I agreed with everything you say up to the last paragraph. Decimating the Tories would be good for all the reasons you say. It would also normally be the case that a large PLP majority would open space, inside it for rebellions, and so on. However, not only is the Campaign Group found to be useless, but Starmer's Bonapartist regime has made such opposition far more difficult, and that will intensify after he gets into Number 10. He is already using ex-Intelligence Services outfits to police the membership, and restrict access to meetings etc. The main opposition is going to come from extra-parliamentary means, which will require socialists to pay more attention to democratising and securing control of the unions.

Where I disagree with your last para, is the idea that the Tories will be out of the running for a generation. My guess is that Starmer is going to lose all the froth of Labour's soft support very quickly. Its based purely on hostility to the Tories, but unlike with Blair, who at least pumped large amounts into the NHS, local government and so on, as well as introducing the Minimum Wage, Starmer is offering bugger all, and less. Big fights with workers are inevitable, much as with Macron, and as with Biden's intervention against US dockers an rail workers.

In the US that has opened the door to Trump, and in France to Le pen. In Germany the same is seen with Scholtz. In Greece, it hasn't taken long for the centre-right to return after the failure of PASOK and then Syriza. A rapid rise in hostility to Starmer will fuel, on the one hand Reform, and those to its Right, but, as I also wrote in a comment, here, a couple of weeks ago, opens the door for the conservative social-democratic wing of the Conservative Party to again ally with the Liberals, on the ground of the interests of large-scale industrial capital, a return to the EU, and so on. They could be back in 2028.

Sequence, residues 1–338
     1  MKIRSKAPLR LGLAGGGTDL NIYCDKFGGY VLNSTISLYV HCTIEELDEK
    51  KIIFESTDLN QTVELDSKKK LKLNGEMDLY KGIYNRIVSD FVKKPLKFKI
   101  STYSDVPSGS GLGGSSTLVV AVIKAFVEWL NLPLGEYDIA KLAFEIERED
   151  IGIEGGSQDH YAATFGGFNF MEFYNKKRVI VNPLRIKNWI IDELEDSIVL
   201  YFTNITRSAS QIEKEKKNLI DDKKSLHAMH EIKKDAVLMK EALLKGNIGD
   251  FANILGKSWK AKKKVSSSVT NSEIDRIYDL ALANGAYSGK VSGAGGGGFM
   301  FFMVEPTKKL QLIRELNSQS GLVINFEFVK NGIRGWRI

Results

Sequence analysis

Zoltan Jorovic said...

The underlying political philosophy of all major parties is the same - neoliberalism. The differences are in exactly how to apply it. The back and forth between 'left' and 'right' across Europe reflects that the operating system of government, under either side, is set according to neoliberal theory. Until we can shift conventional wisdom away from the idea that the market has all the answers, and government just needs to find the right framework and everything will run perfectly, it will continue like this. So, yes the Tories will surge back because labour will fail. It seems likely that the Tories will shift further rightward, too.

There are two fundamental issues. The first is that letting the satisfying of people's desires drive the development of our society, with no consideration of whether the way it is being done might be damaging the support structures we depend on, or destroying the fundamentals we need to survive, is lunatic. The second is that our current setup moves wealth inexorably upwards and concentrates it. This can only lead to authoritarian control, or revolution. Probably both. That's if some sort of societal collapse through environmental breakdown doesn't happen first.

Anonymous said...

Anyone who bigs up the almost literally non-existent chance of a Tory-Labour coalition basically has potentially terminal Extremely Online Hard Left brainworms, and needs to regain some real world contact urgently.

Barring a WW2-type situation, the chances of it are much less than 0.1%.

Rodney said...

From a left wing perspective this argument is strong and compelling but Russ is a neoliberal and he wants different outcomes. He and other cosy neoliberals know the status quo is very good for them with both main parties pandering to them and their interests. The scenario presented in your last paragraph (as unlikely as Boffy points out it is to come to pass) is a bad outcome for all the Russes; other, larger segments of the population might be the principal beneficiaries. It’s why he and others opposed Corbnyism and the possibility of the Overton Window moving leftwards with every fibre of their being.